Qualcomm Announces New Automotive Partnerships With Mercedes-Benz And Red Hat

As part of its first Automotive Investor Day today, Qualcomm
announced a pair of new partnerships with Mercedes-Benz and Red Hat
. Qualcomm has moved aggressively in recent years to diversify its business beyond mobile devices with vehicles seen as a prime hunting ground and it’s already making significant inroads.

In 2021, Qualcomm had almost $11 billion in revenue of which approximately $350 million was automotive, mostly for the cellular modems that provide connectivity as well as some Snapdragon processors that run infotainment systems. At the company’s 2021 investor day, CEO Cristiano Amon set a target of $3.5 billion in automotive revenue for 2026 and $8 billion by 2031. With the announcements that have been made since then, the chip design company is on its way, particularly winning business away from Intel
subsidiary, Mobileye.

Earlier this year, GM started using the Qualcomm Snapdragon Ride platform to power the advanced driver assist systems (ADAS) in the Cadillac Lyriq and will be expanding the use of Qualcomm silicon to other models from 2023. Both BMW and Volkswagen have also announced a shift away from Mobileye to Qualcomm on new models beginning in 2025. Stellantis has also selected Qualcomm digital chassis platforms to power the new cabin systems it is developing with Foxconn.

The latest announcements are focused on the software defined vehicle area. Mercedes-Benz will be adopting Qualcomm Snapdragon cockpit chips to power next-generation infotainment and connectivity systems. This marks a shift away from Nvidia which Mercedes has used in its current MBUX system. The first Mercedes vehicles with Qualcomm digital cockpit will launch in 2023

The other announcement today is a partnership with IBM
-owned Red Hat to combine that company’s open source In-Vehicle Operating System with Qualcomm Digital Chassis systems. This marks Red Hat’s second entry into the automotive space this year. Earlier, GM announced that it would use Red Hat as the base operating system for its upcoming Ultifi software platform. While GM will be using Qualcomm to power the infotainment and ADAS systems on upcoming vehicles, it’s unknown if Ultifi will run on a Snapdragon platform.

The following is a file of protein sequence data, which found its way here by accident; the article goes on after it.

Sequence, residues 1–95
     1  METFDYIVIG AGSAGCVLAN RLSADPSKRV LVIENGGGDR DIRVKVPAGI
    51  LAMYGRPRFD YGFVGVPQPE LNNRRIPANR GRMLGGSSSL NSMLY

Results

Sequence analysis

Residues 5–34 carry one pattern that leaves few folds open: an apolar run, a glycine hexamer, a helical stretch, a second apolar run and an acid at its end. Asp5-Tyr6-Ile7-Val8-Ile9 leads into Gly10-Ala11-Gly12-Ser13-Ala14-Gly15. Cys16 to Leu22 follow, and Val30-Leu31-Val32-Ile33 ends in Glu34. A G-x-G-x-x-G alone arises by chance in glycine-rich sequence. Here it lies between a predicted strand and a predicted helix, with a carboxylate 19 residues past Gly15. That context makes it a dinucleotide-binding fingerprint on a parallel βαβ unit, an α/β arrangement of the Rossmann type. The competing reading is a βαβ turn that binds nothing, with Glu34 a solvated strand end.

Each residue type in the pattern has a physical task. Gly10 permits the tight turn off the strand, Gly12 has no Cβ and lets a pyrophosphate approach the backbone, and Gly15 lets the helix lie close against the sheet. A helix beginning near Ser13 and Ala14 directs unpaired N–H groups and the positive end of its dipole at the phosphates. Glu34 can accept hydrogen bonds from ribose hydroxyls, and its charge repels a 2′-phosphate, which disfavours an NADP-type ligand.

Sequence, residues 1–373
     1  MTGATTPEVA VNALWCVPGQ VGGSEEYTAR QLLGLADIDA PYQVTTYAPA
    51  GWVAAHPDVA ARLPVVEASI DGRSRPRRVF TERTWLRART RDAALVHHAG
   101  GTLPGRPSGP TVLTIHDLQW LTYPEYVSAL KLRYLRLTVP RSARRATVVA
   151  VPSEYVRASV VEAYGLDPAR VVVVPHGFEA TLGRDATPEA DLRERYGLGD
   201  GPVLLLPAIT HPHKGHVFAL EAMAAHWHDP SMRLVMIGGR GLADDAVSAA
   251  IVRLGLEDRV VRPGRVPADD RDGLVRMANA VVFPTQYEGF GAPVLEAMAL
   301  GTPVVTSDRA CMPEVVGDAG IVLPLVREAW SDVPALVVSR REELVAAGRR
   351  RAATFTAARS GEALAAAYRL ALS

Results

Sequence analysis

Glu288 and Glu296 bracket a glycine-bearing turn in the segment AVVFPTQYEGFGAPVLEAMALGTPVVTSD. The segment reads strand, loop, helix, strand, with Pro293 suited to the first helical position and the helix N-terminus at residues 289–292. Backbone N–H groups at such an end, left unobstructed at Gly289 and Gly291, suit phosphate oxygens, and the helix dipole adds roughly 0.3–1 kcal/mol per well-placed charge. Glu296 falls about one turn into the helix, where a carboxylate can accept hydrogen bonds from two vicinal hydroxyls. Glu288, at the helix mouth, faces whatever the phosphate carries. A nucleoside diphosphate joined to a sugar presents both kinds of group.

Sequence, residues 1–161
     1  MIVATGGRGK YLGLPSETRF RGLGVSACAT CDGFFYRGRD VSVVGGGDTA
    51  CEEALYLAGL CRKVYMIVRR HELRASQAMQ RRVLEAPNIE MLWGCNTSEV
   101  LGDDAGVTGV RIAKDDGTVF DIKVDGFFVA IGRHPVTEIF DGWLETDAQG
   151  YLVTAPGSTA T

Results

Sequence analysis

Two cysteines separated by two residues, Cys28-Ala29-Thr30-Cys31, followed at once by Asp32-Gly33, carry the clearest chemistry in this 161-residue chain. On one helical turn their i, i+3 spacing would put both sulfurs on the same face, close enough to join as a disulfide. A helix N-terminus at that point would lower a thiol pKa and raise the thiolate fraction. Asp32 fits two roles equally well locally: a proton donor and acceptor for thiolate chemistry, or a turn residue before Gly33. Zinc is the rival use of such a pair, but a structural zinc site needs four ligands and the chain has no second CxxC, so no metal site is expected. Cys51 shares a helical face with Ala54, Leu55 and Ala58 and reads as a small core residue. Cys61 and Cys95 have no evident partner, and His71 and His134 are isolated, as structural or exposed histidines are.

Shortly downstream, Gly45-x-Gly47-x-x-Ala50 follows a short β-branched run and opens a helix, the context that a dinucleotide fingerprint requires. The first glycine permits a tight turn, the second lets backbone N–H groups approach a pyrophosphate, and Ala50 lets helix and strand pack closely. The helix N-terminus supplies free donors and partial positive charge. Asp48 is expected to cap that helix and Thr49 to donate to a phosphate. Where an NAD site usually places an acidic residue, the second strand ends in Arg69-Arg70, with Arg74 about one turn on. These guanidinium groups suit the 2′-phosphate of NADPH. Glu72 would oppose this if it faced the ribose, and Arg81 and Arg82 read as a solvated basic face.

Like Nvidia which announced its new Thor system on a chip to power centralized compute platforms for SDVs, Qualcomm is targeting the same market but with a slightly different approach. Nvidia has developed a single giant chip to power all of the compute needs of the vehicle. For now, Qualcomm is taking a more scalable approach with multiple chips running on blades in a central compute box. This allows an automaker to scale the system to their specific needs and potentially keep costs down. It remains to be seen which approach will ultimately win out but Jeremiah Golston, SVP and Head of Automotive Engineering doesn’t rule out introducing more highly integrated chips in the future.

For now, Qualcomm and Red Hat are focused on developing a safety rated and secure platform that automakers can integrate into their vehicles. The two companies plan to have the first versions of a pre-integrated combination of Red Hat In-Vehicle operating system with Snapdragon Ride and Snapdragon Cockpit available for testing in the second half of 2023.


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